Ethics panel orders ex-Gov. Cuomo to forfeit proceeds from book deal

The sexual misconduct allegations that led to former Democratic New York Gov. Andrew Cuomo’s resignation was just one of several scandals that marked his term in office. Another notable controversy involved allegations that he improperly used state resources to complete a manuscript.

New reports show that a state ethics panel has voted to seize proceeds Cuomo earned from the associated book deal.

Majority votes to revoke approval

The then-governor received a lucrative deal last year for a book on leadership, which helps illustrate the steep fall from grace he has experienced since then.

In a 12-1 vote, the Joint Committee on Public Ethics ordered Cuomo to forfeit possession of the proceeds in the $5.1 million deal. Specifically, he was found to have violated prior pledges not to use state personnel or resources in writing the book.

Meanwhile, the book deal itself reportedly remains under investigation by Democratic state Attorney General Letitia James and the U.S. Attorney’s Office in Brooklyn.

As the Associated Press reported, Cuomo reached the deal with Crown Publishing Group in mid-2020 and the ethics committee voted last month to revoke its prior authorization.

The panel gave Cuomo 30 days to turn over the proceeds to the attorney general’s office.

“We’ll see them in court”

In his prior agreement, Cuomo promised to write the book “entirely” on his own time and without the assistance of state personnel or resources. Anyone representing the state who contributed to his book, he claimed, did so voluntarily and on their own time.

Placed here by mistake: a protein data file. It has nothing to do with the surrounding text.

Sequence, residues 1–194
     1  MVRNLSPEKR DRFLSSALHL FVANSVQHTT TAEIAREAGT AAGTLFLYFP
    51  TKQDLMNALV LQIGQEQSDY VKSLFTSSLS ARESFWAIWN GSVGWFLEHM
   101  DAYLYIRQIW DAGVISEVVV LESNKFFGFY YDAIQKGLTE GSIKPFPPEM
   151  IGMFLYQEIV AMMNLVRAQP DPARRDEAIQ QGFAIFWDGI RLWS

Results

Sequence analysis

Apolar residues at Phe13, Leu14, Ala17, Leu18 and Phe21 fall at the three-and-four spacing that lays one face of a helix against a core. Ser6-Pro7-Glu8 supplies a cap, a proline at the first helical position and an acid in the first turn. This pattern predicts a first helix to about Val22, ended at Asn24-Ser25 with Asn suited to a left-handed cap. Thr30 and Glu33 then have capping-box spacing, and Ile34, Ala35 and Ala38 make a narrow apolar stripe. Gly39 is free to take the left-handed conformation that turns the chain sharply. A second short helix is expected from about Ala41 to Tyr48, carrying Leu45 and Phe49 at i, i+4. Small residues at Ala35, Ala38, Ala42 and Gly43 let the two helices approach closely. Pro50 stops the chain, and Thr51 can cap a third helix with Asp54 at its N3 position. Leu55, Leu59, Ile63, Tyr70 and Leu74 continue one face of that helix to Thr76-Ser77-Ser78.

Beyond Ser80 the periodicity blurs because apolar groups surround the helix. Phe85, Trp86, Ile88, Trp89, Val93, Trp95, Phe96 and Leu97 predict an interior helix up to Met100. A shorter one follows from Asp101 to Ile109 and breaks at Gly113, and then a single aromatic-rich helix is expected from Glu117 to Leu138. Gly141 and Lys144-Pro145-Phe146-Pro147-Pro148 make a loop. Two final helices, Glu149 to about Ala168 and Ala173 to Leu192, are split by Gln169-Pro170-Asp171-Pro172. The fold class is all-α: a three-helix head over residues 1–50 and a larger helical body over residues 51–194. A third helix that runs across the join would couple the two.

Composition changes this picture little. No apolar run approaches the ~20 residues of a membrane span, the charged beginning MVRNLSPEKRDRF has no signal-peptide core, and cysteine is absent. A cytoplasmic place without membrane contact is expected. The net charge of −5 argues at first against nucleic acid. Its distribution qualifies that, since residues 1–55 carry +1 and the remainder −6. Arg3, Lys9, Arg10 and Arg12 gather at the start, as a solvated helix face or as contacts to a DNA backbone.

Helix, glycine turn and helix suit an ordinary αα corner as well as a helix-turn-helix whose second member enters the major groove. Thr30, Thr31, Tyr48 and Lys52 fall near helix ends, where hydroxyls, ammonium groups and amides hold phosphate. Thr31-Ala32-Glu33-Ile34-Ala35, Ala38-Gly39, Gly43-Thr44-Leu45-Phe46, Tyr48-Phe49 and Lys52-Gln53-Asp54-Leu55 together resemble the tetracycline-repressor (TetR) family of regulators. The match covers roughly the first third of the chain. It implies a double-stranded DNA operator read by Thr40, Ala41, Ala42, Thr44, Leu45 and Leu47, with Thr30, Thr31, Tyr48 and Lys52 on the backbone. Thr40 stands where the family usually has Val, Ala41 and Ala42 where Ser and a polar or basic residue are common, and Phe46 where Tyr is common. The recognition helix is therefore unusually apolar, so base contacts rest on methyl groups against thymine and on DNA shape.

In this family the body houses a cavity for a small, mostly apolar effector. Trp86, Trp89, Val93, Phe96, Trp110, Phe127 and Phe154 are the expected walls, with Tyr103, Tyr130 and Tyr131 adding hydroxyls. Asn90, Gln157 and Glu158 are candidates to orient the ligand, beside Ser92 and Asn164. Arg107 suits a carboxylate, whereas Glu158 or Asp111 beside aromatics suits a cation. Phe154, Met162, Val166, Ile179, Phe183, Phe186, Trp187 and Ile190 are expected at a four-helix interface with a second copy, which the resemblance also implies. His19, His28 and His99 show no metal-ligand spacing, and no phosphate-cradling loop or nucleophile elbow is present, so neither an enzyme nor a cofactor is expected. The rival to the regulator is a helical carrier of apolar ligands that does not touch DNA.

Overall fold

Faced with evidence of his apparent violations, the ethics committee has determined that the ex-governor “is not legally entitled to retain compensation paid to him, in any form, for his outside activities related to the book.”

Of course, actually collecting the money is easier said than done. For starters, Cuomo is reportedly not cooperating with the panel’s decision. Furthermore, he apparently does not even have the entire $5.1 million.

The publisher gave him $3.1 million upfront with the remainder to be paid later. Of those advance funds, he netted an estimated $1.5 million after taxes, of which $500,000 went to charity and the rest placed in a trust for his daughters.

An attorney for the disgraced former governor issued a statement denouncing the decision as “unconstitutional” and politically motivated, adding: “Should they seek to enforce this action, we’ll see them in court.”

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